A doctor or other trained health professional will give you or your child factor ix albumin fusion protein recombinant. You may also be trained to administer factor ix albumin fusion protein recombinant yourself. Factor ix albumin fusion protein recombinant is given through a needle placed in one of your veins.
Factor ix albumin fusion protein recombinant comes with a patient information leaflet. It is very important that you read and understand this information. Be sure to ask your doctor about anything you do not understand.
Precautions while using factor ix albumin fusion protein recombinant
It is very important that your doctor check you closely while you or your child are receiving factor ix albumin fusion protein recombinant to make sure it is working properly. Blood and urine tests will be needed to check for unwanted effects.
Factor ix albumin fusion protein recombinant may cause serious allergic reactions, including anaphylaxis. Anaphylaxis can be life-threatening and requires immediate medical attention. Tell your doctor or nurse right away if you or your child have a rash, itching skin, difficulty with swallowing, dizziness, a fast heartbeat, lightheadedness or fainting, restlessness, trouble breathing, swelling in your face, hands, tongue, or throat, or chest pain after you receive the medicine.
Factor ix albumin fusion protein recombinant may increase your chance of having blood clotting problems. Tell your doctor right away if you or your child have a sudden or severe headache, problems with vision or speech, chest pain, shortness of breath, or numbness or weakness while you are receiving factor ix albumin fusion protein recombinant.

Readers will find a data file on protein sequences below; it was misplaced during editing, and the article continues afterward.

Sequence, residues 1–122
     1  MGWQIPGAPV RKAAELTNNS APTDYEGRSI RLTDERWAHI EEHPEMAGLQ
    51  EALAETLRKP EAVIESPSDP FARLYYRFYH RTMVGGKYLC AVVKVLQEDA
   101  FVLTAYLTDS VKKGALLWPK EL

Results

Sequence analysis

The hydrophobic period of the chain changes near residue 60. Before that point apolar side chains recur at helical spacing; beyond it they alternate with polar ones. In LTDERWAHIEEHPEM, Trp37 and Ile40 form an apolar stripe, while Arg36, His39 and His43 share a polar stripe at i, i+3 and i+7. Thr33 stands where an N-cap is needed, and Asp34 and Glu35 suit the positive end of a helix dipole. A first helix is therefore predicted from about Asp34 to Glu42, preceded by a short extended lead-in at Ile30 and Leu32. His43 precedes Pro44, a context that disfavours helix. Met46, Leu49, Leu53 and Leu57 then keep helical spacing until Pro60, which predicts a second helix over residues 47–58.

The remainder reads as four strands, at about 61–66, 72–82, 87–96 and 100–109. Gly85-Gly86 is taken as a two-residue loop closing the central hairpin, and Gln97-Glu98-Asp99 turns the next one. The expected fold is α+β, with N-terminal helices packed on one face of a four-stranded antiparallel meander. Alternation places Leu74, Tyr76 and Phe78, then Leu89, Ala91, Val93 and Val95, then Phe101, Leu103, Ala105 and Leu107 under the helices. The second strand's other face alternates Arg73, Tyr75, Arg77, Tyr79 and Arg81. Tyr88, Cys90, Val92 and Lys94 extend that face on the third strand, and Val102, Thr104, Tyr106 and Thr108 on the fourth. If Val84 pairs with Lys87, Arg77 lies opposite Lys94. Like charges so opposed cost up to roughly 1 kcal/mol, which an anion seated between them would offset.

Call your doctor right away if you or your child start to have bleeding problems, especially if factor ix albumin fusion protein recombinant has worked well for you before.
Factor ix albumin fusion protein recombinant side effects
Along with its needed effects, a medicine may cause some unwanted effects. Although not all of these side effects may occur, if they do occur they may need medical attention.
Check with your doctor or nurse immediately if any of the following side effects occur:
- fast heartbeat
- hives, itching, or rash
- joint pain, stiffness, or swelling
- redness of the skin
- swelling of the eyelids, face, lips, hands, or feet
- tightness in the chest
- troubled breathing or swallowing
Some side effects may occur that usually do not need medical attention. These side effects may go away during treatment as your body adjusts to the medicine. Also, your health care professional may be able to tell you about ways to prevent or reduce some of these side effects. Check with your health care professional if any of the following side effects continue or are bothersome or if you have any questions about them:
- skin rash, encrusted, scaly, and oozing
Other side effects not listed may also occur in some patients. If you notice any other effects, check with your healthcare professional.
Call your doctor for medical advice about side effects. You may report side effects to the FDA at 1-800-FDA-1088.
More about coagulation factor ix
- Side Effects
- During Pregnancy or Breastfeeding
- Dosage Information
- Drug Interactions
- En Español
- 2 Reviews
- Drug class: miscellaneous coagulation modifiers
- Patient Information
- Coagulation factor ix recombinant Intravenous (Advanced Reading)
- Coagulation factor ix recombinant, glycopegylated Intravenous (Advanced Reading)
- Factor ix fc fusion protein recombinant Intravenous (Advanced Reading)
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Always consult your healthcare provider to ensure the information displayed on this page applies to your personal circumstances.